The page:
Sentence Examples with the word Snout

The snout is frequently malformed, giving the head of the fish an appearance similar to that of a bull-dog.

They had six legs with little pads for feet instead of toes and claws, a delicate snout not quite the length of an anteater's lined with fine hairs and tiny teeth used to vacuum up mold, dust, and dirt that was its main food source, and an odd habit of climbing walls with hidden suckers in its padded feet.

My instinct tells me that my head is an organ for burrowing, as some creatures use their snout and fore paws, and with it I would mine and burrow my way through these hills.

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Vittatus, of Sumatra, characterized by having a broad reddish or whitish band running from the middle of the snout along the upper lip to disappear on the side of the neck; the skull being short and high, with the facial portion of the lachrymal bone small.

The projecting feature above the mouth, to which the word is usually restricted in man, is, in the case of the lower animals, called snout or muzzle, or, if much prolonged, proboscis or trunk.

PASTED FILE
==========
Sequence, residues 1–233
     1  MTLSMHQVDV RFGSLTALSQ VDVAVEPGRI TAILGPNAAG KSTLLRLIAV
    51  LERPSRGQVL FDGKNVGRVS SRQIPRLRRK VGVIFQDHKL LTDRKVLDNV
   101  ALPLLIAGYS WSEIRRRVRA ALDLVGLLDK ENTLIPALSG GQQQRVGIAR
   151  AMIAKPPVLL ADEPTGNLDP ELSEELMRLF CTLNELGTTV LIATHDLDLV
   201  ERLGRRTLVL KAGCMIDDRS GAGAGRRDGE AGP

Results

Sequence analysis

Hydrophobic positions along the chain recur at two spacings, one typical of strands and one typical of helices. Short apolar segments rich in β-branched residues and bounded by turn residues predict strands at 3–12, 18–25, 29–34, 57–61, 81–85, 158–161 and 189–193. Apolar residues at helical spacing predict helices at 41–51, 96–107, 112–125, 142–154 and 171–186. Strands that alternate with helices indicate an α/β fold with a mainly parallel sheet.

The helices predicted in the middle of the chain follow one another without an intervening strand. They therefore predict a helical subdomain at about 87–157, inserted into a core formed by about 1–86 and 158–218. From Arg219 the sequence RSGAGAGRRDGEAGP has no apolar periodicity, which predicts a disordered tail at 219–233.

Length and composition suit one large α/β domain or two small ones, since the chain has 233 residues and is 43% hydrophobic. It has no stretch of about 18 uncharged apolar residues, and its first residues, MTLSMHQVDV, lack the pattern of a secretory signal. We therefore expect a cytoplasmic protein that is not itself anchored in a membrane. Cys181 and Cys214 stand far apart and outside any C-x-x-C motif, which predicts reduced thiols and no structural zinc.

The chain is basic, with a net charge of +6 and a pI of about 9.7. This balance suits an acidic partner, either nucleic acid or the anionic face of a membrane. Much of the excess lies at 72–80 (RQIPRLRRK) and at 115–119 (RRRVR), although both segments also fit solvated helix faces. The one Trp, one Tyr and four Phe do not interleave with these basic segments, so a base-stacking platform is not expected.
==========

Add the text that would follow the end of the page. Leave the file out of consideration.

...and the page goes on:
From snout to vent, long regarded as the giant of the genus, has been surpassed by the discovery of Rana guppyi (82 in.) in the Solomon Islands, and of Rana goliath (10 in.) in South Cameroon.

Long, from snout to end of tail, the exserted portion of the tusk may measure 6 or 7 and occasionally 8 ft.

It differs from the true crocodile principally in having the head broader and shorter, and the snout more obtuse; in having the fourth, enlarged tooth of the under jaw received, not into an external notch, but into a pit formed for it within the upper one; in wanting a jagged fringe which appears on the hind legs and feet of the crocodile; and in having the toes of the hind feet webbed not more than half way to the tips.

C. cataphractus is the common crocodile of West Africa, easily recognised by the slender snout which resembles that of the gavial, but the mandibular symphysis does not reach beyond the eighth tooth.

The Suidae include the Old World pigs (Suinae) and the American peccaries (Dicotylinae), and are characterized by the snout terminating in a fleshy disk-like expansion, in the midst of which are perforated the nostrils; while the toes are enclosed in sharp hoofs, of which the lateral ones do not touch the ground.